Hillsdale House Info
Each of the three 9th/10th houses (Florence, Kyoto, and Oaxaca) is named after an important medieval town in honor of our school mascot, the Knight. The 11th/12th Houses (Cusco, Jakarta, and Timbuktu) are named after other cities throughout the world that have made major contributions to culture and society. For more information on the inspiration for each house, see the information below.
While Hillsdale has long been associated with its mascot- the Knight of medieval Europe- other parts of the world were developing vibrant and important cultures during the same period. Kyoto became the capital of Japan in the 8th century in what came to be known as the Heian or "Peace and Tranquility" Period. At a time when other peoples of the world were in the throes of bloody conquests and invasions, the people of Kyoto/Japan were able to take advantage of a period of unprecedented peace to focus on learning, the arts, and the development of a thriving economy.
As the final stop on the Silk Road, Kyoto learned from other cultures and then developed a unique culture of its own. One of the first novels ever written, The Tale of Genji, was written by a woman living in Kyoto at this time, and even today Kyoto remains a center of scholarship and artistic development. Kyoto, although briefly put on the list of targets considered for the atomic bombings at the end of World War II, was spared the destruction most cities in Japan suffered due to its extreme beauty and cultural significance. It was also the site of the Kyoto Protocol, a document drafted in conjunction with many nations, which called on the world to work together to preserve the environment we all share. Because of the values and history the city of Kyoto represents, the people of Kyoto House at Hillsdale chose to adopt this name.
Jakarta, located on Java Island, is both the capital and largest city in Indonesia. Its colonial history is often viewed in three different parts - its time as the center of the Dutch East India Company, its period of expansion, and its modernization, beginning in 1920. Diversity largely characterizes Jakarta - it is often said that Jakarta is where different cultures and beliefs from Indonesia's 17,000 islands unite. Moreover, because of its history, Jakarta experiences a "historic mix of cultures," as people of Javanese, Malay, Chinese, Arab, Indian, and European descent have brought their culture, architecture, food, and even language to Indonesia's largest city. Because of this, Jakarta offers its visitors an interesting combination of western and Indonesian traditions.
Located at roughly 3,400m above sea level in the Andes, Cusco is a city in Peru primarily remembered as the capital of the Inca Empire, which dominated a large portion of South America between the 15th and 16th century. During its time as an imperial city, Cusco was seen as an urban center, largely characterized by religion, government, and royalty. The Incas developed their own aesthetic with their respect for the arts and technology, and their pre-Hispanic influence is still visible in Cusco today. The Spanish later conquered the city of Cusco in the 16th century, and though much of the city was preserved, much of the city also changed with temples, monasteries, and manors being built. The fusion of Inca and Spanish culture, art, and history soon helped transform Cusco into a hub of expression and innovation, which is especially seen in, as UNESCO says, a "unique urban structure and architectural form."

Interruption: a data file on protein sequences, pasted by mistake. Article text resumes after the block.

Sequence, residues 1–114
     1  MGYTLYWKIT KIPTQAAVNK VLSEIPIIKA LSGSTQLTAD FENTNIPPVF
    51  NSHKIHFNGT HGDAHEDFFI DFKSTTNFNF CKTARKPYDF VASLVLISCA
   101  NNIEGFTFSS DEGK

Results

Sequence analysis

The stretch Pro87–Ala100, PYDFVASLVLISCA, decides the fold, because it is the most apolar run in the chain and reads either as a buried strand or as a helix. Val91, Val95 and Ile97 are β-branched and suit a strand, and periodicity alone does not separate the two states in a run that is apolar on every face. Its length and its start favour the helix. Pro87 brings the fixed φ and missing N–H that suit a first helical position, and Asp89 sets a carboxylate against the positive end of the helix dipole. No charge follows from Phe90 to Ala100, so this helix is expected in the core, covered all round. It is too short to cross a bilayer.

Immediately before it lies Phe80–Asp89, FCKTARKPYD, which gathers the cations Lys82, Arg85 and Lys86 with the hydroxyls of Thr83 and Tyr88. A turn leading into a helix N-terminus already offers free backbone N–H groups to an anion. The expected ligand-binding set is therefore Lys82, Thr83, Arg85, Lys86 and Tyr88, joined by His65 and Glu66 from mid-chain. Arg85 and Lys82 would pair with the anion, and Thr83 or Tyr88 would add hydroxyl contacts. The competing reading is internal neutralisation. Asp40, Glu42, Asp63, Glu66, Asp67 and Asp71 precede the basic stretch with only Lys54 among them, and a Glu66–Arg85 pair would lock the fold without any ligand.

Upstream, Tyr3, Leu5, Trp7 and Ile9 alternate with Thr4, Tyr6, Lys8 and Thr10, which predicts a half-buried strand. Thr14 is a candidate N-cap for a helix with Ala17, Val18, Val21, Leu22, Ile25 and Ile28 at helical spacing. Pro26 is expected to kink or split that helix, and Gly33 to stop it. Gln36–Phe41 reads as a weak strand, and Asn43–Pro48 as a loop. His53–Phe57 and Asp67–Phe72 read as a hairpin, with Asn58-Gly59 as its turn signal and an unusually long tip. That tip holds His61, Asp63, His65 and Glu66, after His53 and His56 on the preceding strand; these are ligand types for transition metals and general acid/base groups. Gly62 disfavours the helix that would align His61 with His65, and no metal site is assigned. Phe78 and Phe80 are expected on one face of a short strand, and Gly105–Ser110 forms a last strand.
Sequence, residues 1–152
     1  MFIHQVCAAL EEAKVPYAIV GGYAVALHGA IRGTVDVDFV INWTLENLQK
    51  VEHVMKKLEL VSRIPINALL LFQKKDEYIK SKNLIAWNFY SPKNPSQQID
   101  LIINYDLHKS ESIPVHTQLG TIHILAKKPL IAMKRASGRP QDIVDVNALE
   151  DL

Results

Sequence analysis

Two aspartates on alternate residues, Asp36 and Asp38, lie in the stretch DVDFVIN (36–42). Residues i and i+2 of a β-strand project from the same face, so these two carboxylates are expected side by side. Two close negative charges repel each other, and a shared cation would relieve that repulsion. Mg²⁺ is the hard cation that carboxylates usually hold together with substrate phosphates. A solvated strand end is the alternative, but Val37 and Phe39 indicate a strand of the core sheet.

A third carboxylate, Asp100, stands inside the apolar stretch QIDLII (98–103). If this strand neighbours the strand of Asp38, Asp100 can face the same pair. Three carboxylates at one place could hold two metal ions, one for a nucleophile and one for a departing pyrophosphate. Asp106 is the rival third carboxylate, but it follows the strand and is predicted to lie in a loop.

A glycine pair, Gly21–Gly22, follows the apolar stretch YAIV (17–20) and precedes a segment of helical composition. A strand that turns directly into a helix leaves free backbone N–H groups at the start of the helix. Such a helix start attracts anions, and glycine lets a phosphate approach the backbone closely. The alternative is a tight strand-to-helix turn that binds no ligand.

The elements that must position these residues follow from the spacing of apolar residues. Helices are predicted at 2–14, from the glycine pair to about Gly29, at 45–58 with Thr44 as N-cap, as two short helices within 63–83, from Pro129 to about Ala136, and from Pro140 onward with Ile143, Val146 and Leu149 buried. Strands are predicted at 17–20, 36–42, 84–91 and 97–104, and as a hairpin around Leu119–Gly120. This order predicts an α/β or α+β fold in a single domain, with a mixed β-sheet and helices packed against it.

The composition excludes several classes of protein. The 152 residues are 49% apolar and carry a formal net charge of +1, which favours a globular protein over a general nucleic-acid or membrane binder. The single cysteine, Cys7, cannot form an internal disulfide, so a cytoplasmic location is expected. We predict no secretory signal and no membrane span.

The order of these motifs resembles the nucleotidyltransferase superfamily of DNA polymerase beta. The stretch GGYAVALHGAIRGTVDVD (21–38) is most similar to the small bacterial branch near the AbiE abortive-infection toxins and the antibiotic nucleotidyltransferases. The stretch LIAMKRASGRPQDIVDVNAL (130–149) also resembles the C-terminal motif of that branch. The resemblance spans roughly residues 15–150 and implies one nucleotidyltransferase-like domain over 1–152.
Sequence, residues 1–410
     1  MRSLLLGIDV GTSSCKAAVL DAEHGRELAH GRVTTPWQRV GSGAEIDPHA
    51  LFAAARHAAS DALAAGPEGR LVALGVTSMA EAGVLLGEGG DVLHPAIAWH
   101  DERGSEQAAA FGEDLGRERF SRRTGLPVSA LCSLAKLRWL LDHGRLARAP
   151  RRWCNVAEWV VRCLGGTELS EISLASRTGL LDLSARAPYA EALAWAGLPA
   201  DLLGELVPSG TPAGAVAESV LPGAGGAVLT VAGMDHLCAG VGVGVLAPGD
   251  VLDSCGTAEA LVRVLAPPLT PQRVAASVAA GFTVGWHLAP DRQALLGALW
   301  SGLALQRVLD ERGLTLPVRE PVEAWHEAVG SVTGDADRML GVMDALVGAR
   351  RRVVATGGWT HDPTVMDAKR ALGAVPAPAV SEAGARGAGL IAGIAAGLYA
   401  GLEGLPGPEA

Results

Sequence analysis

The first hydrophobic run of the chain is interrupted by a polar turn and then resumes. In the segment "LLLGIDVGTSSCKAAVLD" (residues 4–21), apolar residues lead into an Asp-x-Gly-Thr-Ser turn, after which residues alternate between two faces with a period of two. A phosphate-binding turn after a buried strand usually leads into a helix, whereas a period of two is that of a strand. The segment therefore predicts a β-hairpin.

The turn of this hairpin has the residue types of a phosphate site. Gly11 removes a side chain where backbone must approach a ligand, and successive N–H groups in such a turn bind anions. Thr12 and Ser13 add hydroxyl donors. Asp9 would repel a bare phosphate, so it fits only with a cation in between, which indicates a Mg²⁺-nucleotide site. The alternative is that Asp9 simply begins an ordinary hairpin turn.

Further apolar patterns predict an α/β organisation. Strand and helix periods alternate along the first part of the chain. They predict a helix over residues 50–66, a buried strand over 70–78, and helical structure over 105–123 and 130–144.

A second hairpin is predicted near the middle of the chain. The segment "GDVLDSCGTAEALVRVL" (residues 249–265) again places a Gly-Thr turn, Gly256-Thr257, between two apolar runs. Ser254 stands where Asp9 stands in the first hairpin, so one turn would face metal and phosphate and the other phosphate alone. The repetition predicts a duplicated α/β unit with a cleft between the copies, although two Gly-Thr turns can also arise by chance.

Oaxaca, a state and city located in Southwestern Mexico, was the site of a thriving Zapotec population at Monte Alban until the 13th century when the Aztecs assumed control shortly thereafter. Oaxaca has held strategic military importance for centuries and is the birthplace of Mexico’s former president, Benito Juarez. Today, Oaxaca is the most linguistically and ethnically diverse state in all of Mexico with over 100 indigenous languages spoken. Oaxaca City is a UNESCO world heritage site, noted for its beautiful representation of culture and architecture, which spans every major period in Mexico’s long history. In addition to its vibrant culture and history, Oaxaca is a major producer of coffee, chocolate, and alebrijes, hand carved and painted wooden figurines. Because of its ethnic diversity, storied history, and continuing cultural significance, Oaxaca was chosen as the new house name by faculty and staff as it represents some of the principal values embraced at Hillsdale.
Florence House was named in honor of the city of Florence, a small, independent city-state that became the center of art and learning during the transition from the medieval age to the Renaissance. Florentines bestowed equal value on individual achievement and contributions to the community; a well-rounded education was, therefore, essential. Florence's unique celebration of the human spirit inspired some of the landmark achievements of Western Civilization, such as Leonardo Da Vinci's scientific inquiries, Michelangelo's David, and Brunelleschi's Dome.
Like this great city, Florence House encourages each individual to reach his or her creative and intellectual potential. Through the personalization and rigorous curriculum that Florence provides, our students become not only well-rounded individuals at Hillsdale, but also life-long learners and citizens of the world.
Timbuktu is located in Eastern Africa, in modern day Mali. It was an academic, spiritual, and
cultural center of Islam in the 15th and 16th centuries. It’s location was the gateway into the Sahara and a critical point in trade routes. Home of the Koranic Sankore University and several other educational institutes, Timbuktu drew scholars and commerce, encouraging the transfer of not only goods, but ideas and customs as well.